ligorano/reese, The State of Things
This piece focuses on the impact of the War on Terror – how censorship, surveillance, torture and the invasion of Iraq – has transformed American society.
The State of Things
On Labor Day, September 1, 2008, artist collaborators ligorano/reese installed a temporary ice sculpture spelling out the word Democracy on the grounds of the Minnesota State Capitol during the RNC for The UnConvention.
In response to the start of the Republican National Convention, the artist duo ligorano/reese (Nora Ligorano and Marshall Reese), in conjunction with Northern Lights.mn, presented The State of Things, weighing almost 2,000 pounds and measuring 36″ tall and 180″ wide.
Over the course of the day, the word Democracy disappeared, a testimonial to the impact eight years of extreme judicial, legislative, and executive actions have had on American democratic institutions – from the landmark Supreme Court decision Bush v. Gore in 2000 to presidential signing statements to illegal FISA surveillance. As Ligorano said,
The State of Things dramatizes the perils facing Democracy after eight years of the Bush Administration and the disastrous impact his government has had on American democratic values and institutions. This piece focuses on the impact of the War on Terror – how censorship, surveillance, torture and the invasion of Iraq – has transformed American society. The sculpture is emblematic of our times. Our democracy is wasting away at an imperceptible rate. What stands out is that for the amount of time most people view art 1 minute or less the sculpture won’t seem to change, yet by days end, it will be gone – disappeared, like so much of what is happening to the values and institutions that make America a great country.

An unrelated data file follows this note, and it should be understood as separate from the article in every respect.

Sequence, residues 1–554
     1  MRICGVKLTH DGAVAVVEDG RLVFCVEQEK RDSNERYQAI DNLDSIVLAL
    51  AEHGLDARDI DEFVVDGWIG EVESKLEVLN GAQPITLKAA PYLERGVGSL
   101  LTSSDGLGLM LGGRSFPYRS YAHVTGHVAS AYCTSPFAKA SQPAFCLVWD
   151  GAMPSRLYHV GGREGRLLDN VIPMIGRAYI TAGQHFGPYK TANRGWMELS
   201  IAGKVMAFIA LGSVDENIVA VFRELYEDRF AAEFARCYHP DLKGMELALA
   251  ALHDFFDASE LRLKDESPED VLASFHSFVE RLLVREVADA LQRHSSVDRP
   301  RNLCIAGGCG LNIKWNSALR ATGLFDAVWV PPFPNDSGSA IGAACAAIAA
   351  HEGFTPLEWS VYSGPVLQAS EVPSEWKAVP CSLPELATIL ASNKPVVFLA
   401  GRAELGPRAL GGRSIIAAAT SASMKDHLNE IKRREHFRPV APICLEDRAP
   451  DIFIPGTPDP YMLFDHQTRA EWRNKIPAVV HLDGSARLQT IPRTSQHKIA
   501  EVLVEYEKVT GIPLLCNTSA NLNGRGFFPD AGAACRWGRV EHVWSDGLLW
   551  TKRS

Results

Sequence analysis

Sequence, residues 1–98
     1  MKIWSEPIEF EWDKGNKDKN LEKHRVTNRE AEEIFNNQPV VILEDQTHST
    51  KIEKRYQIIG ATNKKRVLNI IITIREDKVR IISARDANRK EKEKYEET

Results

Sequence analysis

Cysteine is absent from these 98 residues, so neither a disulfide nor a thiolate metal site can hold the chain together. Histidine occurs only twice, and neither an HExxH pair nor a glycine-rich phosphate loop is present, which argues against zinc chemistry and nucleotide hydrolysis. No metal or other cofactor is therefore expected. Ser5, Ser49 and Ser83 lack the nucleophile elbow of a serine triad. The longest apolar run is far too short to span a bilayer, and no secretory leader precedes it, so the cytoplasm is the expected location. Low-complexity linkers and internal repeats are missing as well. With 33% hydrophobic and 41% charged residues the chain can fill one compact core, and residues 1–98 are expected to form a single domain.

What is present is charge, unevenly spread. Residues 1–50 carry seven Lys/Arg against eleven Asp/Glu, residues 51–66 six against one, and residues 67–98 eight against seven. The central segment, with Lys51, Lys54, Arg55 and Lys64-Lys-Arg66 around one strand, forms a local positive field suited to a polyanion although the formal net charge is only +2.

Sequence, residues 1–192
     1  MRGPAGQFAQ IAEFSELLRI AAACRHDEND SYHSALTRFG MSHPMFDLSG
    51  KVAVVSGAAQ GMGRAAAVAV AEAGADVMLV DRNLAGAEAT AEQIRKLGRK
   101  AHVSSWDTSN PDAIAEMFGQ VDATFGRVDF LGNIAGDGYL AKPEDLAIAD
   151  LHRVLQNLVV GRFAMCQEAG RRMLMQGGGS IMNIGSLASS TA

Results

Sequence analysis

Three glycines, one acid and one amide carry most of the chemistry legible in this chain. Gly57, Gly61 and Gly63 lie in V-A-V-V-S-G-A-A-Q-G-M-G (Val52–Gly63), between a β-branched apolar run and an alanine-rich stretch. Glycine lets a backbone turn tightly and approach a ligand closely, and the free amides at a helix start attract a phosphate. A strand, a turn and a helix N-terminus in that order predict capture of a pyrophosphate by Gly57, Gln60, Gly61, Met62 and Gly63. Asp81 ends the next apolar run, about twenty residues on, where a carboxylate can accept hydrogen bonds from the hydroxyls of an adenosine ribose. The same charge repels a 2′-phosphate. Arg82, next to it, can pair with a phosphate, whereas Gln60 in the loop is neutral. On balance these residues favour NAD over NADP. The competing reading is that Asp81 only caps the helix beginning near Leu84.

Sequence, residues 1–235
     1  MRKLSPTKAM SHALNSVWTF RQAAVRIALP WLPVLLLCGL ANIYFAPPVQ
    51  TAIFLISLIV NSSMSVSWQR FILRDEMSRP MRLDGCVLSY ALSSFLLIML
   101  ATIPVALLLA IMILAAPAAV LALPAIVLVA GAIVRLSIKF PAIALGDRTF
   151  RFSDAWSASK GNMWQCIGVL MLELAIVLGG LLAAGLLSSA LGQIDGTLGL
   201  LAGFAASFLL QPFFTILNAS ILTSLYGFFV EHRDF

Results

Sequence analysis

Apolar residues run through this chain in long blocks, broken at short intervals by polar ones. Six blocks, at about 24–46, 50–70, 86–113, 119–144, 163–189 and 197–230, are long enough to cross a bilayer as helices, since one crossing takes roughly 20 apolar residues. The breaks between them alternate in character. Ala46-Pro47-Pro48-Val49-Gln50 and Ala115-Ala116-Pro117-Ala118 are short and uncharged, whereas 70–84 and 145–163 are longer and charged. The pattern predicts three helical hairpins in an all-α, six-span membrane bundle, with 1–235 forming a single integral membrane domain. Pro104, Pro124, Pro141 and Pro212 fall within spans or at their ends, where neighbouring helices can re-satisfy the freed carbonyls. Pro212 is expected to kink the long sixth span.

ligorano/reese also presented The State of Things in Denver in conjunction with the Museum of Contemporary Art during the Democratic National Convention. According to Ligorano,
We chose to present the sculpture at both conventions to highlight the fact that preserving our democratic values is a bipartisan issue. We want to engage people from all sides of the political spectrum.
Close Encounters: Facing the Future
Video and photo documentation from both conventions form the basis for a large-scale media installation as part of “Close Encounters: Facing the Future” American University Museum at the Katzen Center, September 13 – October 26, 2008.
Nora Ligorano and Marshall Reese have collaborated as ligorano/reese since the early 80’s. Their work examines contemporary trends in society and the media through the manipulation of images and sound from print, television, the Internet, and radio. Their installations, limited edition multiples and artists books have been exhibited at Jim Kempner Fine Art, Kent Gallery, the Beall Center, the Cleveland Museum of Art, MIT MediaLab, Museum of Arts & Design, the Neuberger Museum of Art, and Lincoln Center. They have received fellowships and funding from the Jerome Foundation, The Puffin Foundation, NYFA, NYSCA, the NEA, Art Matters and been artists in residence at Montalvo, the MacDowell Colony and Djerassi Resident Artists Program.
Brushfire, A Provisions Public Art Program
This project is part of BrushFire, a Provisions Public Art program with support from CrossCurrents Foundation. Provisions Learning Project pioneers the exploration of creative social change in exhibitions and public programs. Its online publications and research library have become a trusted source for information on breakthrough social change topics from around the world.
The UnConvention is a non-partisan collaboration of local and national organizations and citizens, initiated by Northern Lights, exploring the creative intersection of participatory media and participatory democracy. It exists as a counterpoint to the highly scripted and predetermined nature of the contemporary presidential nomination process and conventions.